No matter what your investment goals are, it’s important to have them so that all of your investments are rooted in strategy, not fear or greed.
Create a Diverse Portfolio
Diversifying your portfolio is an important part of any investment strategy. When it comes to emotional investing, a diverse portfolio mandate can help prevent you from making decisions out of fear or greed and allow you to choose a variety of investments and ultimately earn a higher return.
A diverse portfolio will also reduce the desire to mess around with your asset allocation. By following an investment strategy that includes individual stocks, bonds, and different types of mutual funds, commodities, exchange-traded funds (ETFs), and real estate investment trusts (REITs), you can feel confident in your approach.
Buy Low, Sell High
When all else fails, investors defer to a simple rule — buy low and sell high. That said, with any investment strategy it’s important to pay attention to what the market is doing, as well as why it’s changing. For example, if a stock you’re invested in suddenly declines, don’t panic. Instead, you should investigate why. With an understanding of why the stock is behaving the way it is in the current market, you’ll be able to make a smart decision that isn’t rooted in the emotion of panic.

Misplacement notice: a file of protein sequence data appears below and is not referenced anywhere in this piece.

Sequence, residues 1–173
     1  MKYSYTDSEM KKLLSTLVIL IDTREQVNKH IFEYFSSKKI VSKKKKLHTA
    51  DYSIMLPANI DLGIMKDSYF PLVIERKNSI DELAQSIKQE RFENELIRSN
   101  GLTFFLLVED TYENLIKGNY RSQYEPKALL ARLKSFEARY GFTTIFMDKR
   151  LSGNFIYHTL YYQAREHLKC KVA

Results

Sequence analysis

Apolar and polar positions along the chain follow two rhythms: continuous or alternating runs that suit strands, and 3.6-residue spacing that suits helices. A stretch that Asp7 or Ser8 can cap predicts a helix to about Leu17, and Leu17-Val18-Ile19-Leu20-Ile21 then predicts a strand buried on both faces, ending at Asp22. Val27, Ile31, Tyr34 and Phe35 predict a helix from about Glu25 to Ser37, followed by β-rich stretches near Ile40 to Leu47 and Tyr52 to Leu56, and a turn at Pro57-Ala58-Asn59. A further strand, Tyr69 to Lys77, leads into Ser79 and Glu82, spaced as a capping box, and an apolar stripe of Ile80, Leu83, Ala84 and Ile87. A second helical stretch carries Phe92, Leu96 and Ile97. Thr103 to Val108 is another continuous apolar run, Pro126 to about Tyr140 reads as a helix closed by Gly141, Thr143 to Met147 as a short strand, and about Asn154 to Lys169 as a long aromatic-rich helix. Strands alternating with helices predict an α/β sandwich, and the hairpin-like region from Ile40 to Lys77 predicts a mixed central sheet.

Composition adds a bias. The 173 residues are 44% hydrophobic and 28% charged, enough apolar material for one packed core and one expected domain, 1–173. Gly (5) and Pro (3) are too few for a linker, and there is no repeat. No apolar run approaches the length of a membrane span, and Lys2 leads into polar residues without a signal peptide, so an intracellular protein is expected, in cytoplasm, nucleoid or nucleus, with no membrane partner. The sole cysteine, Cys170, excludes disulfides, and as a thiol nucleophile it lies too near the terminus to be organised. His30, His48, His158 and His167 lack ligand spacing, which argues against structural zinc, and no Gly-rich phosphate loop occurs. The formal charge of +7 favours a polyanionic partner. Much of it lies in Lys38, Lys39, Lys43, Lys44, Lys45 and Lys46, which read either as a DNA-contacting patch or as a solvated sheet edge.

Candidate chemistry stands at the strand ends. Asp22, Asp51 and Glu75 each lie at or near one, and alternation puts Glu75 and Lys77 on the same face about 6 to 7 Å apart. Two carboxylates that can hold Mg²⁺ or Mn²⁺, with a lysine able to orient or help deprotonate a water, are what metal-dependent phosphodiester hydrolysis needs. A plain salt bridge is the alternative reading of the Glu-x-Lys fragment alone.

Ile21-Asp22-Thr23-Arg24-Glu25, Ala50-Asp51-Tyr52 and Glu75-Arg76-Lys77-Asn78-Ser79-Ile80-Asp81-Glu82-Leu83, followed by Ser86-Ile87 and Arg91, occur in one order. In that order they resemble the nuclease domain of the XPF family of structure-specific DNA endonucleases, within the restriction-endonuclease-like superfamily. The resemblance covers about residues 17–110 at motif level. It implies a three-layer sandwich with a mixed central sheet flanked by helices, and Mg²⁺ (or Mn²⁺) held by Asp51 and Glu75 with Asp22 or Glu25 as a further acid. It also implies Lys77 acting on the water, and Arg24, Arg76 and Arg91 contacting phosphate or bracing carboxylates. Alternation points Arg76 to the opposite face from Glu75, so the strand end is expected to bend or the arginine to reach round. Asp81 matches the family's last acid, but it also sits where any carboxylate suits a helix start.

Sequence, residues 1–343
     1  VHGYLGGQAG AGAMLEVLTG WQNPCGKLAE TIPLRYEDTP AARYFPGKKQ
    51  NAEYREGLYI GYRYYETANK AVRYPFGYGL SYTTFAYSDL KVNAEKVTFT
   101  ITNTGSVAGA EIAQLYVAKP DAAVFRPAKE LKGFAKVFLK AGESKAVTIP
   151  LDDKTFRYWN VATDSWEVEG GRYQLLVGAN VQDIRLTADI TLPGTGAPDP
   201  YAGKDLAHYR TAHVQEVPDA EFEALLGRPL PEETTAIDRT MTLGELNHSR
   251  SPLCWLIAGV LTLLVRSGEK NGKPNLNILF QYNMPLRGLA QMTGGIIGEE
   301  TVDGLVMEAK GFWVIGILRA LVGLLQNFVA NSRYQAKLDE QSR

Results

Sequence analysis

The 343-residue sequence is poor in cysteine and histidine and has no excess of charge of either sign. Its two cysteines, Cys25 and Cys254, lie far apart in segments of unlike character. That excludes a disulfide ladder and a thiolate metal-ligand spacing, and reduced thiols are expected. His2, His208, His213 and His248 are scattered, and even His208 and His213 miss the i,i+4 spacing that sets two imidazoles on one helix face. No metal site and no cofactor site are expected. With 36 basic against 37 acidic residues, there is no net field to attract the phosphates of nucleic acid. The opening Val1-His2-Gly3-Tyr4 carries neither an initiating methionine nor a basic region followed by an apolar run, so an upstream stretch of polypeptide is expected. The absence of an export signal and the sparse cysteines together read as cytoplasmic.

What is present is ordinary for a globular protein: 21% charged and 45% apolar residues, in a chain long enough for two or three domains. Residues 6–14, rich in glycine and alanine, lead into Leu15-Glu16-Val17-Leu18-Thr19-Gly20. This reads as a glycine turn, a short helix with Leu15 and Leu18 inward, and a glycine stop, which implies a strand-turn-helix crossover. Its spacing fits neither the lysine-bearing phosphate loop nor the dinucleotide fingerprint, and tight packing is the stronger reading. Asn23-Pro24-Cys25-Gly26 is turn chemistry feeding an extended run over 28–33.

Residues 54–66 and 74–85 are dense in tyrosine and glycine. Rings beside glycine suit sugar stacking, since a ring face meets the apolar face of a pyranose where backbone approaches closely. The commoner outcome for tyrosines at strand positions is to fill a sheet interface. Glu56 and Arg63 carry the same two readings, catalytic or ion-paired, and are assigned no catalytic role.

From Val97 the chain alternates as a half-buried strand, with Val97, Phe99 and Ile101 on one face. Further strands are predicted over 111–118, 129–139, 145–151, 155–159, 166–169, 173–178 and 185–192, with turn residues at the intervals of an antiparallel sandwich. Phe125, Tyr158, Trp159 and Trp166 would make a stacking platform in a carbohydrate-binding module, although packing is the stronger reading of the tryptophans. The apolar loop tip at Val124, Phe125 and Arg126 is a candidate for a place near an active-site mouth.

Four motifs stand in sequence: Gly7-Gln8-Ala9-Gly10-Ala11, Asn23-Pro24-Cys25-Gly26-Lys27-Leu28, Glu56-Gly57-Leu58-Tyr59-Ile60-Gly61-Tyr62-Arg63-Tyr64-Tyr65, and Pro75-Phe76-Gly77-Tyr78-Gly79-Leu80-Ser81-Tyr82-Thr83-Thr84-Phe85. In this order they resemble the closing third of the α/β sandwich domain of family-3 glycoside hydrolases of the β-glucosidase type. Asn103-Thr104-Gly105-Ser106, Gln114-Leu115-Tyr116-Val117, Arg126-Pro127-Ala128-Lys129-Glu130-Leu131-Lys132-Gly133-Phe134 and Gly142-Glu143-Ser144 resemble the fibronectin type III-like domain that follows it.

Create Your Own Set of Rules
Just because an investment strategy works for someone else doesn’t mean it’s going to work for you. Create your own set of rules so that your investment strategy remains true to your personal budget, needs, and lifestyle.
Otherwise known as your risk tolerance, your rules will dictate how much volatility you’re willing to withstand in your investment strategy. For example, establish the lowest price at which you’re willing to sell a particular stock. If the value of that stock drops to your price point, it could be time to part with it, depending on the other assets in your portfolio and the market forecast.
Read the News for Information
The daily news is an important source of information for investors. As mentioned previously, it’s essential to stay updated with the latest goings-on in the market. The news can evoke an emotional reaction out of investors, both good and bad. It’s important to remember that while the news is a useful tool for gathering information on stocks and the market performance, it shouldn’t be the sole factor on which you base investment decisions.
Whether you’re new to investing or a seasoned veteran, understanding the motivations behind emotional investing will allow you to avoid the mistakes that may come out of it. Regardless of whether you choose the low-risk, safe investments or take chances on a tech trend or other volatile stock, you can prevent poor investment decision making and maintain a diverse portfolio by taking a rational and realistic approach to investing.